Sunday, February 5, 2012

Expat Research Results & New Requests: Can You Help?

Hi Everyone, Firstly, thank you to those who last year helped Regula Sindemann by completing a survey related to her Masters thesis on Cultural Intelligence. Regula kindly shares her main findings below.

Secondly, we have a two more researchers today looking for help with their expat-related research. Please help if you can. Many thanks! Andrea Martins

Research Results from Regula's Cultural Intelligence Research:

"Last year, I finished my Master thesis on the concept of Cultural Intelligence and its relevance for expatriate spouses/partners. (Thanks to everyone who helped!) We had 153 data sets, which allowed me to run meaningful statistical analysis, and I wanted to share my main findings here:

In case you are wondering what Cultural Intelligence (CQ) is: 'CQ is the capability to function effectively in culturally diverse situations' (Ang & van Dyne, Handbook of Cultural Intelligence, 2008). Basically, it predicts and explains why some people thrive and some struggle in culturally diverse settings. It consists of four complementary capabilities or dimensions: CQ Drive, CQ Knowledge, CQ Strategy, and CQ Action.

Main findings:

  • The findings showed a significant correlation between CQ and the satisfaction level expat spouses/partners (ES) expressed. In other words: Those respondents who assessed their CQ at a high level, also reported a general satisfaction with their life as an ES.

  • Interestingly, not all dimensions showed the same influence: CQ Knowledge, i.e. the level of understanding about how cultures are similar and different, played the least influential part. This suggests that whilst it is certainly helpful to know e.g. how to present a gift in China or how to behave in an Islamic environment, it will not guarantee a good assignment experience. Motivation, strategy and action play an equally if not even more important role. 

  • CQ emphasizes learned capabilities more than personality traits. It is not fixed, but can develop and grow through experience and learning.

  • Being happy and satisfied is obviously very important for the ES him- or herself; however, it also has a strong influence on the assignment success of the expatriated employee. So, expatriating companies are well advised to invest in ES, be it with relocation services, housing allowances or, and I bet you saw this coming, by helping them to increase their CQ with training or coaching.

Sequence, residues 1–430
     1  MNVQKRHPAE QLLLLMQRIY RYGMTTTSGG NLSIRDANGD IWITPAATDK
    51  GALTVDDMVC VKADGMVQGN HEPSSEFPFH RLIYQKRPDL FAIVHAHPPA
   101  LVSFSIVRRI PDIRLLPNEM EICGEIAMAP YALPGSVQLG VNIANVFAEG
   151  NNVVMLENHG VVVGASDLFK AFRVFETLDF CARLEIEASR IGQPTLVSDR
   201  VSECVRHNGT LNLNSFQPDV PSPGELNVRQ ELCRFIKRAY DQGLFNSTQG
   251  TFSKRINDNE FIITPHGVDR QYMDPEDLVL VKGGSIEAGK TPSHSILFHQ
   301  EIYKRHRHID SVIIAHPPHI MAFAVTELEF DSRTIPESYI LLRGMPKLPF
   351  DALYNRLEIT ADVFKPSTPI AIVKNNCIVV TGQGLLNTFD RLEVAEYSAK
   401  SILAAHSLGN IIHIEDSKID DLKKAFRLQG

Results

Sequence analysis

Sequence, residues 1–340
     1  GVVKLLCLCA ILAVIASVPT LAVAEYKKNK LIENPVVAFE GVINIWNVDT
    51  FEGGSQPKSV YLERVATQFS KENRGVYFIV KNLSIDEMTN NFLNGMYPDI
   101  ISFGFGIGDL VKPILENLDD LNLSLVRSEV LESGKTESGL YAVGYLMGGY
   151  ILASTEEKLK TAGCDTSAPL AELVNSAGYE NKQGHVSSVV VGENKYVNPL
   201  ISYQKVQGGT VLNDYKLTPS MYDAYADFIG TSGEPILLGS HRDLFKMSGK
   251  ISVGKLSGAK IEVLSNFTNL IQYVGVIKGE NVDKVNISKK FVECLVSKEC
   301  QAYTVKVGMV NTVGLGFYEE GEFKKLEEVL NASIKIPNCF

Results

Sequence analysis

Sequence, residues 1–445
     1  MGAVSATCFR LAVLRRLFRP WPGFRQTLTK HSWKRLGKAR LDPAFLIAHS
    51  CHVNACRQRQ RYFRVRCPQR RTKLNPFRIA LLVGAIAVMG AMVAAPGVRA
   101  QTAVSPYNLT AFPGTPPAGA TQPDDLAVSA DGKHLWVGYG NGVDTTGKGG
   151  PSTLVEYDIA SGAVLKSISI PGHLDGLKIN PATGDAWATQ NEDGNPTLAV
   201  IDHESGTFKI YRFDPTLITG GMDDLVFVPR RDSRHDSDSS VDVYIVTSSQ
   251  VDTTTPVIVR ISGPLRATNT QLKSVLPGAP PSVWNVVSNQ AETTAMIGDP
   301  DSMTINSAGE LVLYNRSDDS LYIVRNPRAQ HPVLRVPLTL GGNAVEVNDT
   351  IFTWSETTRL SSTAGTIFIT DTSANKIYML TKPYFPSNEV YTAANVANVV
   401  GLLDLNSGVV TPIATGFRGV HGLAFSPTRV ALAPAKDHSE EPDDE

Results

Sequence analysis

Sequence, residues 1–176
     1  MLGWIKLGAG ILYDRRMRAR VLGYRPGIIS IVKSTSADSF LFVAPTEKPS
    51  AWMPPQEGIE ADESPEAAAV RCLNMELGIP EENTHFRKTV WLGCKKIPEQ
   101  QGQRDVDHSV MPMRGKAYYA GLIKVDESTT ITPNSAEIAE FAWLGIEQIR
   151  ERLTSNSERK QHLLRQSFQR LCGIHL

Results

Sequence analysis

• If you would you like to learn more about CQ and the possibilities of developing it, or you have comments, please let me know. I am also happy to share ‘my knowledge’ and to refer you to some interesting books or web pages on this topic.

    Whilst my project focused on CQ and its relevance for ES, I do believe that the concept of CQ shows strong promise of being valuable to all global citizens. It is a framework that fosters cultural understanding and respect; a mind-set beneficial to individuals, organizations and nations alike. Best wishes, Regula Sindemann."

    New Research Request: For Repatriates

    Thekla Wesche is currently conducting research for her Masters thesis, with the Human Resource Management department of the Radboud University Nijmegen, in The Netherlands. The topic of the thesis is related to repatriation. The supervision is by professor Dr. Beate van der Heijden.

    "Repatriation of expatriates is often neglected by organizations. Research has shown that employers often do not optimally value new experiences gained abroad. This, in turn, can cause serious problems while readjusting in the home country. Therefore, it is important for organizations and management to get more insight in perceptions expatriates might have after their international assignment.

    The specific objective of this study is to get an understanding of how perceptions of the psychological contract of repatriates influence their organizational commitment. The focus of the research is on expatriates who have returned to their home country recently.

    The survey takes about ten to fifteen minutes. Thank you in advance to anyone who can help. Warmest regards, Thekla Wesche." 

    New Research Request: For Expatriates in Israel

    Dani Kranz is a social anthropologist in the Institute of Area Studies Transnational at Erfurt University (Germany). Her current research project concerns expatriates and their families in Israel. The project centres on how expatriates experience Israel, how they structure their social relationships, and if they form a community of expatriates. She will be conducting fieldwork in Israel in February and March 2012.

    "I am specifically seeking for expatriates, who would agree to an interview and/or letting me take part in their daily activities. I am happy to discuss my project, and provide further details. I also seek contact to former expatriates, expatriate spouses or children who used to live in Israel. Full anonymity and full confidentiality will be granted. Your support would be very helpful for me. Kind regards, Dani Kranz."

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